We are approaching May Day at a time when the number and scale of protests of the working class are on the rise all over the world. Workers are fighting back with growing determination and waging more powerful, more united struggles against the capitalist offensive. There have been massive protests against the “austerity” measures being imposed on the working people, the cutbacks in social service and privatization of health services.
One of the largest manifestations of working class resistance has been the long series of protests, strikes, and marches by the workers in France defying labour law changes that the country’s rulers wanted to push down their throats. Since March 2016, a series of protests stopped various parts of France, as demonstrators and labor unions voiced their opposition to a set of proposed labor law reforms that will lengthen the work week to 48 hours from 35, and make it easier for employers to hire and fire workers. The Union representing drivers and mechanics, who have been without a contract for over two years, went on a rotating strike in March 2017.
In Britain, about 3500 BMW workers voted overwhelmingly on 31st March in favour of going on strike over pensions. Despite reporting a 14% surge in pre-tax profits for the third quarter of 2016 over the same period the previous year, BMW has declared its intent to close its two defined-benefit pension schemes. It plans to replace it with a “defined-contribution pension scheme”, subjecting the workers to “market risk”, which means that their hard earned savings could be robbed by the capitalists.
London witnessed powerful mass protests on 4th March against the privatisation of health services, downgrading of facilities and closure of vital hospitals and units. Health professionals and the general public have been coming out over the past decade in protest against the direction in which the government is driving the National Hleath System in England and Wales. These protests have intensified over the last few years. The demonstrators vowed to intensify the fight to affirm that health care is a right, and to hold the government to account for its programme of wrecking this precious public asset.
In the United States of America, 17,000 AT&T workers struck work on 22nd March. The landline workers in California and Nevada, who are represented by the Communications Workers of America Union, are protesting against a unilateral change in job requirements made by the company without the agreement of the union. The contracts for AT&T workers in California and Nevada have expired since almost a year.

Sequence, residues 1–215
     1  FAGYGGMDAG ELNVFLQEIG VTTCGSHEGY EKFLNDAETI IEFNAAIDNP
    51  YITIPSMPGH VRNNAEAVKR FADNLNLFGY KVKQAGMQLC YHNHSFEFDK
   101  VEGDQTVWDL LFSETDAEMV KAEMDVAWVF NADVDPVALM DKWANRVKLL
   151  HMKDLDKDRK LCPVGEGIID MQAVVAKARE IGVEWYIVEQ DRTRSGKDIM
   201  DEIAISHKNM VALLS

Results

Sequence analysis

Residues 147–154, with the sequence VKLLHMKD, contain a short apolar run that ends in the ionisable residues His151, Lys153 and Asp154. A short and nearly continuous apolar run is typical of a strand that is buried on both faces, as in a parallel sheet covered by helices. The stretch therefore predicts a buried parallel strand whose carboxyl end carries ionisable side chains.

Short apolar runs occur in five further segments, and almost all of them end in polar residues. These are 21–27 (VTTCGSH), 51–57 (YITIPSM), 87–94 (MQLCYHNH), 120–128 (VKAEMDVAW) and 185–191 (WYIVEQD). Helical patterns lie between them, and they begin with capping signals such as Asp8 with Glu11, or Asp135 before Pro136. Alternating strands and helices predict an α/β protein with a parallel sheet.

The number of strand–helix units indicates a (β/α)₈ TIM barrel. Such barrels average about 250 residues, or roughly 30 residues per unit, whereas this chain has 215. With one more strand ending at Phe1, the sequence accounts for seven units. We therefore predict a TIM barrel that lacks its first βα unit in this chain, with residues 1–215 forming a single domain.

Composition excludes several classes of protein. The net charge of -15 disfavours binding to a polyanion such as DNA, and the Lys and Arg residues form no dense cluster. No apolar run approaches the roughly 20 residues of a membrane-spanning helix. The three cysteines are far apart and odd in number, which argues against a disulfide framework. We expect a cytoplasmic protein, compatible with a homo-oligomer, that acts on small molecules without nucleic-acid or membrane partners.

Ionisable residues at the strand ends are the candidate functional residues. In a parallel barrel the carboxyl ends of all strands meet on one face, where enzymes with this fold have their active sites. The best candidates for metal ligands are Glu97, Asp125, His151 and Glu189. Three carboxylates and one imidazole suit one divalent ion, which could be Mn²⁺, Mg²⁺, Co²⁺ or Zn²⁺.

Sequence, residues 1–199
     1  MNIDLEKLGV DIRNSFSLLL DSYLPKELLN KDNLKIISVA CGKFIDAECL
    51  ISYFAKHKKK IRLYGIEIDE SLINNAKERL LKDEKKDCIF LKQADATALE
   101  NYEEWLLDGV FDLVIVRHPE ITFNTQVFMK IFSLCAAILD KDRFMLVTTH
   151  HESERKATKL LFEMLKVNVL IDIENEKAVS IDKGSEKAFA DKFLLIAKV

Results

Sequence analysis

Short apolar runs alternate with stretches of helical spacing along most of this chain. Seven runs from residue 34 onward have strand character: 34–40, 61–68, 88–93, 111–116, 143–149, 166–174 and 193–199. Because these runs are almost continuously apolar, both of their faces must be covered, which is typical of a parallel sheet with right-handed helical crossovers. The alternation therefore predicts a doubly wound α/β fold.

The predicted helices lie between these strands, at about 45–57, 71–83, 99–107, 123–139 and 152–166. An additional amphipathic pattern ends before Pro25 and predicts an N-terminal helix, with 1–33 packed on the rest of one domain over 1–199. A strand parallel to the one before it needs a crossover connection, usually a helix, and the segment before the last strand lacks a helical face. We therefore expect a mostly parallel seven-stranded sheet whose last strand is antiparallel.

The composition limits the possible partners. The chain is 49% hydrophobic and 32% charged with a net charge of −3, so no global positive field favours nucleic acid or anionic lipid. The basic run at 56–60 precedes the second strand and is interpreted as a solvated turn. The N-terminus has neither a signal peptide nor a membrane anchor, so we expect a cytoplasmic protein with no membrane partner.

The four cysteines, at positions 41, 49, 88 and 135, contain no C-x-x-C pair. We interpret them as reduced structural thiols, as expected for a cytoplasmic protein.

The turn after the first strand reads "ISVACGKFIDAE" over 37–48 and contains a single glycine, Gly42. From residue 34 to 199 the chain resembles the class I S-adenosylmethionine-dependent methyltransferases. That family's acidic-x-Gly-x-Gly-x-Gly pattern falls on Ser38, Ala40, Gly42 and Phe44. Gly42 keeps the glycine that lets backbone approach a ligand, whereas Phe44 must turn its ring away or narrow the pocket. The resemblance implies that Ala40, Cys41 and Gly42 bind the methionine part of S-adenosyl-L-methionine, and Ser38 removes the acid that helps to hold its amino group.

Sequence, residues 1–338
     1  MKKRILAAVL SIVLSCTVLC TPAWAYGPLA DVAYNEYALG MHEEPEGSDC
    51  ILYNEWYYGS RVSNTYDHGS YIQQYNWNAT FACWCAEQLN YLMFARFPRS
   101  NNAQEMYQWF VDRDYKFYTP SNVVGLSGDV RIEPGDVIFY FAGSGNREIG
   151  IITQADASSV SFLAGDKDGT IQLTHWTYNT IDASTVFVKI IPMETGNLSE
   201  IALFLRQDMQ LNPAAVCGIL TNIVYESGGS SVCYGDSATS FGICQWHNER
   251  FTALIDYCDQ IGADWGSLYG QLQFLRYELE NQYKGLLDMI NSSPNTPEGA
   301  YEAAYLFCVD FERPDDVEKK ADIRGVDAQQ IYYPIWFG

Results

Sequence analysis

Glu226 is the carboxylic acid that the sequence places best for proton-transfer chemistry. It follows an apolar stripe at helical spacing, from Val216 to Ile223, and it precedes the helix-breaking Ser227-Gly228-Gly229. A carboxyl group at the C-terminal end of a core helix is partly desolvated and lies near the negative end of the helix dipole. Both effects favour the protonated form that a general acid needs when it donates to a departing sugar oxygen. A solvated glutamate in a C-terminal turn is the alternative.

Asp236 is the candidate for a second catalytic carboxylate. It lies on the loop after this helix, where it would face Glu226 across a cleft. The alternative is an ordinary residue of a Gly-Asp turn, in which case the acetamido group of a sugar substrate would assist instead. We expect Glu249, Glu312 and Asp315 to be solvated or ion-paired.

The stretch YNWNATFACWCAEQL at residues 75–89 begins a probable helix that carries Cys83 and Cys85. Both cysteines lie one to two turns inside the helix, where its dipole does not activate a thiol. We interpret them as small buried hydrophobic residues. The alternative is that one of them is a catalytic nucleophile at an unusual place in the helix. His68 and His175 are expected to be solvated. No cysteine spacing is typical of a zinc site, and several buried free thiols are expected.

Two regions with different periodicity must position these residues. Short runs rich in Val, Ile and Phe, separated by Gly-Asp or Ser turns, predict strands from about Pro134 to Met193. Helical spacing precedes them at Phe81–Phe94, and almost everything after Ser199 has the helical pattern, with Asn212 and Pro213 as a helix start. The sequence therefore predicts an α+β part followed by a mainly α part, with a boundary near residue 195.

Airport workers in Germany went on a 24-hour strike on 11th March, and followed it up by a second 24-hour strike on 14th March, which was then extended for a further day. The workers are protesting their miserable working conditions that have worsened over the past 10 years. The ground staff receive just above minimum wages. Most employees receive short-term contracts, and many of the most difficult jobs involved in handling flights are carried out by temporary workers who often earn even less. At the same time, the workload of these workers has massively increased due to the extremely high passenger numbers in Berlin.
Nearly 1500 mining workers in the two largest copper mines of the world in Chile and Peru are on an indefinite strike since10th March. Mining companies in these two countries have benefitted over the past few years from rising global demand and prices, but workers have seen little to no benefit from the boom. As one worker said: “Copper prices have improved, production has improved, but wages for workers haven’t improved”.
Militant protests erupted in Brazil at the end of November 2016, against the government’s austerity drive. Brazil is experiencing its worst recession since the 1930s. More than 12 million people are out of work. The demonstrations brought together students, landless peasants and labour union activists.
South Korea saw large strikes across sectors in September 2016. 50,000 workers from Hyundai Motors’ labour union conducted its first nationwide, full-day walkout in on 26th September over demands for wage increases. In the same week, the Korean Public Service and Transport Workers' Union began an all-out strike to protest the government's pay system. Other workers in the public and financial sectors were also on strike against the government’s attempts to push through a “merit”-based pay scheme that will be used to suppress wages by as much as 40 percent. It will also create pretexts to fire “underperforming” employees.
On 27th September, 2016, workers of Seoul’s two subway unions covering lines 1 through 8, along with the workers of the Korean Railway Workers Union (KRWU), struck work jointly for the first time in 22 years. Some 2,380 subway workers, or about 30 percent of the total, took part in the strike. A similar number of railway workers walked off the job. On 23rd September, 65,000 bank workers organized under the banner of the Korean Financial Industry Union (KFIU) launched a strike.
In South Africa workers belonging to the Chemical, Energy, Paper, Printing, Wood and Allied Workers Union went on strike in July 2016 to demand a living wage. More than 15,000 employees in the petroleum sector went on strike over wage negotiations against the employers in the chemical industry.
In sum, the working class and exploited majority of people in all capitalist countries are refusing to bear the burden of the capitalist crisis. They are not willing to put up with the inhuman offensive of the monopoly capitalists. There is rising anger against the attempts of governments to safeguard maximum profits for a miniscule minority at the expense of the livelihood and rights of the toiling majority.